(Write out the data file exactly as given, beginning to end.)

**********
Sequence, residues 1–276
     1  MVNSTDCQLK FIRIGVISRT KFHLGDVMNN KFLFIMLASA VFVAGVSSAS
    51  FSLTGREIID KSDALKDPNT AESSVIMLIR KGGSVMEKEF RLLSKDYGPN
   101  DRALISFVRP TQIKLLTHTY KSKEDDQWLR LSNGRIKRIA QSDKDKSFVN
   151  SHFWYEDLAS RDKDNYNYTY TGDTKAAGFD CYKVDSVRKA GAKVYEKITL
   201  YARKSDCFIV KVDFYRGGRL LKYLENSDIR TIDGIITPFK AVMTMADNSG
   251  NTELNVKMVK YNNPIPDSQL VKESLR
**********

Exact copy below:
Sequence, residues 1–276
     1  MVNSTDCQLK FIRIGVISRT KFHLGDVMNN KFLFIMLASA VFVAGVSSAS
    51  FSLTGREIID KSDALKDPNT AESSVIMLIR KGGSVMEKEF RLLSKDYGPN
   101  DRALISFVRP TQIKLLTHTY KSKEDDQWLR LSNGRIKRIA QSDKDKSFVN
   151  SHFWYEDLAS RDKDNYNYTY TGDTKAAGFD CYKVDSVRKA GAKVYEKITL
   201  YARKSDCFIV KVDFYRGGRL LKYLENSDIR TIDGIITPFK AVMTMADNSG
   251  NTELNVKMVK YNNPIPDSQL VKESLR